Emergence of drone cinematography

Everyone likes a good story, and while books rely on the reader’s imagination, moving pictures have the ability to augment a thrilling story with incredible sceneries and accurately depicted characters in a way our mind could not even begin to imagine. They let us travel to places we have never seen before and allow us to see the world from perspectives very much unlike our own.

To create these unique impressions, moving camera shots are a very basic element to master for camera operators. Indeed, the problem of creating smooth camera movements has been addressed in the very early days of cinema with the invention of camera dollies and cranes. However, handling such heavy equipment is time-consuming and operating them remains cost-intensive. For instance, in the 2012 James Bond blockbuster Skyfall, a camera crane and a whole crew were installed on a moving train to record a fighting scene between the protagonist and some bad boys. Working with bulky and inflexible equipment on a moving plaƞorm is not only expensive but also raises safety issues (making of – 0:20 to 2.08).

To overcome the problem of high-cost setups, as well as to generate completely new visual content, the film industry started to animate scenes or even entire blockbusters. Due to the technical progress of computer graphics over the past few years, these films have started to become more and more photorealistic (Planet of the Apes, making of – 2:28 to 2:51). Computer-animated content provides us with many more possibilities and far greater flexibility. Nevertheless, an incredible amount of knowledge, technology and time is needed for its generation and its post-production.

With the aim of reducing costs, studios nowadays use a so-called motion-capturing technology, which draws on people’s natural movements. This involves installing several infrared cameras around a film set, which detect reflective markers placed on actors or animals (illustration video). Using such a combination of technology allows the cameras to capture their motions in real time. It does not only save time but also results in animated characters with natural, human-like movements. Beyond the film industry, motion-capturing is widely applied in the video game industry. Although motion-capturing solves many high-priority issues, several disadvantages still remain. For example, specialized hardware is needed and the costs for even small productions are immense; meaning it is not practical to use such systems on a large scale. Quick setup changes or motion-capturing of long-distance and dynamic sequences are thus extremely difficult and expensive to model.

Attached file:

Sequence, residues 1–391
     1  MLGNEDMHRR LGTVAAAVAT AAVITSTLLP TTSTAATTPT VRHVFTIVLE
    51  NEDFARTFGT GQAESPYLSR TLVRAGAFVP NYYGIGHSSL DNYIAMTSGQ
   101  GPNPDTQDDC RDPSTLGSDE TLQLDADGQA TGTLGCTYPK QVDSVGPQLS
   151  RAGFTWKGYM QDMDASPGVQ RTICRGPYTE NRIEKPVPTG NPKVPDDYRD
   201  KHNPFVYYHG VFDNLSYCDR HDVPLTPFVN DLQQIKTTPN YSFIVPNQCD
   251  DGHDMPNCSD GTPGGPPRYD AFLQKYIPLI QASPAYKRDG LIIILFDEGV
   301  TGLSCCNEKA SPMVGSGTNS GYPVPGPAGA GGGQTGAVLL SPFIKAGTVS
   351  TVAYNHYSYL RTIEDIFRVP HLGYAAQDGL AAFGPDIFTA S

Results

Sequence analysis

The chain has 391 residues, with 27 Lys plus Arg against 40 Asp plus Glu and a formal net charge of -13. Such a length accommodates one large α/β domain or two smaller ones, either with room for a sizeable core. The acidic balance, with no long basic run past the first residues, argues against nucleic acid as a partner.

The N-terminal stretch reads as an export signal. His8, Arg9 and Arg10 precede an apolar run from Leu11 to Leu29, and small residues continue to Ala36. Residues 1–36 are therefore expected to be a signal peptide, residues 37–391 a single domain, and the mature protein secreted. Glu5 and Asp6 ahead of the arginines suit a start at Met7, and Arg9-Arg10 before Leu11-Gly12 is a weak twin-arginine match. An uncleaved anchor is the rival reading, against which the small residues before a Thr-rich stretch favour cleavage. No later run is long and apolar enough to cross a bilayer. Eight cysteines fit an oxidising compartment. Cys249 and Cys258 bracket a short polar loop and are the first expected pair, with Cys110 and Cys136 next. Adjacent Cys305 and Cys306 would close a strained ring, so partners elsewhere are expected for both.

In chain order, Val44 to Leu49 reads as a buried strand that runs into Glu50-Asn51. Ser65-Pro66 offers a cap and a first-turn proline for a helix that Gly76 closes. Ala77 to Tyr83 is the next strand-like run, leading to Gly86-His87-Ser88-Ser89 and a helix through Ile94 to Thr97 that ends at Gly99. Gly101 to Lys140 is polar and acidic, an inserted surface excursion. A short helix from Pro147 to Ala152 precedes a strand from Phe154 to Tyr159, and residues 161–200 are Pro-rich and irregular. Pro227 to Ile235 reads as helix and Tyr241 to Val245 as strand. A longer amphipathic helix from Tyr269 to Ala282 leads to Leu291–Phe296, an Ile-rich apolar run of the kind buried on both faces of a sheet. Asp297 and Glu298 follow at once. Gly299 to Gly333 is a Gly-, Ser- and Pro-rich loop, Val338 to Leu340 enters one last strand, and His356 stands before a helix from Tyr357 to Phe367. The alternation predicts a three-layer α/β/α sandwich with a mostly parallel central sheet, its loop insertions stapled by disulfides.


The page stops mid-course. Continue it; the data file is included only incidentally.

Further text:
In summary, it can be said that the usage of bulky and heavy camera equipment is a general problem in classic filming as well as in motion-capturing. In order to possibly solve the mentioned problems, drones have become an increasingly popular opportunity. Drones can be equipped with high-end film or even infrared cameras and they can fly low to the ground, providing smooth camera shots. Not only could they potentially replace heavy equipment such as dollies or cranes; they also serve as flying motion-capturing plaƞorms to reduce the number of camera operators and allow motion-capturing independent of fixed infrastructures. However, film sets are highly dynamic working places involving many people, objects and environmental challenges. As a result, using drones for filming purposes requires very precise and repetitive flight trajectories. Our team at Tinamu Labs dedicates all its time and efforts to close the remaining technological gap; meaning that we want to provide precise and repetitive drone flights inthe very near future. With our drone expertise acquired over ten years of research, our vision is to bring filming drones to the next level and thus change how film sets are equipped.

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